Have you ever stood waiting for a friend who is late, and wondered where they have got to? “Maybe they are stuck in traffic?” “Maybe they forgot?” “Ah, not again, they are always late – hopeless!”
If you have engaged in this thought process, and of course all of us have, then you are attributing a cause to an event: traffic jam, forgetfulness of your friend, or your friend’s disposition – s/he is always late. This is the basis for the attribution theory – the theory that it is human nature to try to explain why things happen, and why people act as they do, even when there is no obvious cause. The theory comes out of the work of Fritz Heider in The Psychology of Interpersonal Relations (1958).
The problem is that, as we try to explain the reasons and causes for behaviors, we are prone to falling victim to a number of cognitive biases and errors. Our perceptions of events are often distorted by our experiences or our expectations. For an example of how we attribute explanations to the most random occurrences And please see Heider and Simmel’s original geometrical figures video from 1944, about attributing intention to what is really random behaviour. What story do you make up to explain the behaviour of the figures?
A few of the most common types of errors in attribution include:
Fundamental attribution error
We have a strong tendency to attribute the behaviour of others to dispositional rather than situational factors, that is, to character and especially character flaws rather than the system in which these people are acting. This tendency is so strong that it is “fundamental” to human nature.
Example: “He is late because it is in his nature to be late – he is hopeless at time-keeping.”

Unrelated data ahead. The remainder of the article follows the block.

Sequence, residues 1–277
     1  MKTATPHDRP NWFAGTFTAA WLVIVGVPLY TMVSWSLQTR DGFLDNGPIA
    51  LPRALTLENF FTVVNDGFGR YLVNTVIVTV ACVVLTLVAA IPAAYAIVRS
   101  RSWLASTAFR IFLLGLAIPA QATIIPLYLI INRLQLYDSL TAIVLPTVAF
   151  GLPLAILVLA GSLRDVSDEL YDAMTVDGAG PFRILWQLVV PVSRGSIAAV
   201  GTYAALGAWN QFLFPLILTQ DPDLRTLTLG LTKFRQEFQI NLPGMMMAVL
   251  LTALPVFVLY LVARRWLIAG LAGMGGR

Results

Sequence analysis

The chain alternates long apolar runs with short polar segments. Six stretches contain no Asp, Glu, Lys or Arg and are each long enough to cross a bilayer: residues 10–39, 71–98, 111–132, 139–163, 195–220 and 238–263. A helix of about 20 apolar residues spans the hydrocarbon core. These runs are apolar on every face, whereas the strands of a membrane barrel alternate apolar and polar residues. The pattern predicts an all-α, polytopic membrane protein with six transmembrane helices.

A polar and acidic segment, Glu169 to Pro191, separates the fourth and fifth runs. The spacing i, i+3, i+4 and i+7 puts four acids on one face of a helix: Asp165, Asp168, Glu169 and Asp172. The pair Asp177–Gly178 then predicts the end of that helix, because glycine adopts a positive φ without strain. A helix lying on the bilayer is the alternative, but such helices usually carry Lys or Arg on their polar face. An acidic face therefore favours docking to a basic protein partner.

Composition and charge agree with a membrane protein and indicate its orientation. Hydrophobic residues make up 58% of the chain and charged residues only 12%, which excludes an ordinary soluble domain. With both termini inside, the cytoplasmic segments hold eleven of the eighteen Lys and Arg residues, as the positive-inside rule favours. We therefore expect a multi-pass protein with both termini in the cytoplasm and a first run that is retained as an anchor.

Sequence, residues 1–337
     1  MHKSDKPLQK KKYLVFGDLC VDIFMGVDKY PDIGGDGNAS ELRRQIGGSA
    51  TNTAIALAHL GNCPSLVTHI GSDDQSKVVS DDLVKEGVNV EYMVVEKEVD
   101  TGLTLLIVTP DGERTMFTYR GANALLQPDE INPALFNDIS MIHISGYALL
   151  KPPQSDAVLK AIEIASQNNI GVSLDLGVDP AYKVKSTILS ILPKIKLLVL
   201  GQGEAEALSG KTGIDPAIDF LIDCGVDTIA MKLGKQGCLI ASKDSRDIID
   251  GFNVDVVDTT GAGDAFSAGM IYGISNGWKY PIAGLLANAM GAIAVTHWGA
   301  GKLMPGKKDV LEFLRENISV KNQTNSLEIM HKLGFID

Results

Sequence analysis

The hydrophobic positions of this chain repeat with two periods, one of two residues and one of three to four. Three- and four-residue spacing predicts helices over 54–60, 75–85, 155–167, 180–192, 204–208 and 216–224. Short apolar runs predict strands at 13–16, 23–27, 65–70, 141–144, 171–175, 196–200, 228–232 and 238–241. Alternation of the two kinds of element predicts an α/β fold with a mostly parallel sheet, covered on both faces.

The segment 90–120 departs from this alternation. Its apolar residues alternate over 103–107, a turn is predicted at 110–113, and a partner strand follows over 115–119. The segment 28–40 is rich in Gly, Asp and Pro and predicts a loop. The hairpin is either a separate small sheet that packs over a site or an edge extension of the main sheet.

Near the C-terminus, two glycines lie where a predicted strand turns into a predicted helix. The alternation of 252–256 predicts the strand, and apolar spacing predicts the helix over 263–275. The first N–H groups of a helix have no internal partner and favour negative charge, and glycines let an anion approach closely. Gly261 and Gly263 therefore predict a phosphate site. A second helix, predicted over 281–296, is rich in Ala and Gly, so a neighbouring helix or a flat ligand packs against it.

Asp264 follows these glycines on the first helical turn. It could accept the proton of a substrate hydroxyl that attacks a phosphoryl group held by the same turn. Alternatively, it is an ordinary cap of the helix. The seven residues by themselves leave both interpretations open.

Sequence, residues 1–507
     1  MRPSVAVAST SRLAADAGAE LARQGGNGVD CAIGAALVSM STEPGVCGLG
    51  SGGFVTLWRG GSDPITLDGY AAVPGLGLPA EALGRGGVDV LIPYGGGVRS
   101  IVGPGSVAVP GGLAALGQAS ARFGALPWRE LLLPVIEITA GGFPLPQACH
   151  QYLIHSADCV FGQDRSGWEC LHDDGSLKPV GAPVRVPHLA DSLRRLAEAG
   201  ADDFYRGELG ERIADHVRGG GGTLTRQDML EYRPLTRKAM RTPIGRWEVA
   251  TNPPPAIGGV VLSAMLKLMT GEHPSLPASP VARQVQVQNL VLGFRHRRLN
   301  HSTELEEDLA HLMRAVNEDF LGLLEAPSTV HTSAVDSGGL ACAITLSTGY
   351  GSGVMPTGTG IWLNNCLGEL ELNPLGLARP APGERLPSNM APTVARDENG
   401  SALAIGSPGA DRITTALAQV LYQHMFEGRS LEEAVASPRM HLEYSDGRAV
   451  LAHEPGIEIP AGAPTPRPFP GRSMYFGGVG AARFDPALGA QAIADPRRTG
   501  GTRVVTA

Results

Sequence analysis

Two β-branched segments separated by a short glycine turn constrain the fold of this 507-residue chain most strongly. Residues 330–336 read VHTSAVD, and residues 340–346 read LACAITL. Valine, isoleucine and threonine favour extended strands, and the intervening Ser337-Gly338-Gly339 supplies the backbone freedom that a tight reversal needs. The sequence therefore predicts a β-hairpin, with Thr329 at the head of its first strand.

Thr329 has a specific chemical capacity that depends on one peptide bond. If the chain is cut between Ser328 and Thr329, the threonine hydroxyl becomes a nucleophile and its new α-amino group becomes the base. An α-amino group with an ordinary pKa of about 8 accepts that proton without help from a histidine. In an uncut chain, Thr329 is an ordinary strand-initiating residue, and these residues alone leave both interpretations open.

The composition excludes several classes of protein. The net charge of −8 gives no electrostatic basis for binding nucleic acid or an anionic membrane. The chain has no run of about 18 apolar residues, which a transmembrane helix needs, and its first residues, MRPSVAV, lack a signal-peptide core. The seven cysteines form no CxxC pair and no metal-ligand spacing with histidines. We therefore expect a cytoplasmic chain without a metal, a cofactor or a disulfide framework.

We are more likely to attribute our success to our personal characteristics and blame outside variables for our failures. This is especially true if we are brought up in a rather individualistic culture like the USA where we are taught from a young age to be proud of our achievements and we regard our personal individual success as vital for our self-esteem.
Example: “I passed that test because I am really clever” or “I failed that test because the teacher didn’t explain things properly”. This serves to protect our self-esteem.
Some research suggests that people who are from a collectivist culture, such as the Japanese culture (and this is a precise example of stereotyping, I know) tend to have a modesty bias when making attributions. That is, they tend to attribute their successes to situational factors rather than to personal attributes, and, when they fail, they blame themselves for not trying hard enough. 😳
Example: “I was very lucky to pass my driving test – I didn’t really deserve to” or “I’m not surprised that I lost that tennis match, I am a really bad player.”
Tips for learning about attribution theory and attribution errors:
- Understand that the main principle behind this is the actor/observer effect. This is the principle by which we operate, without realising, in a way that differentiates between why we do something and why others do it – even when it is the same action!
- After reading about the theory and the errors, always try and think of an example from your own life, and from your other subjects, such as TOK or History, for example.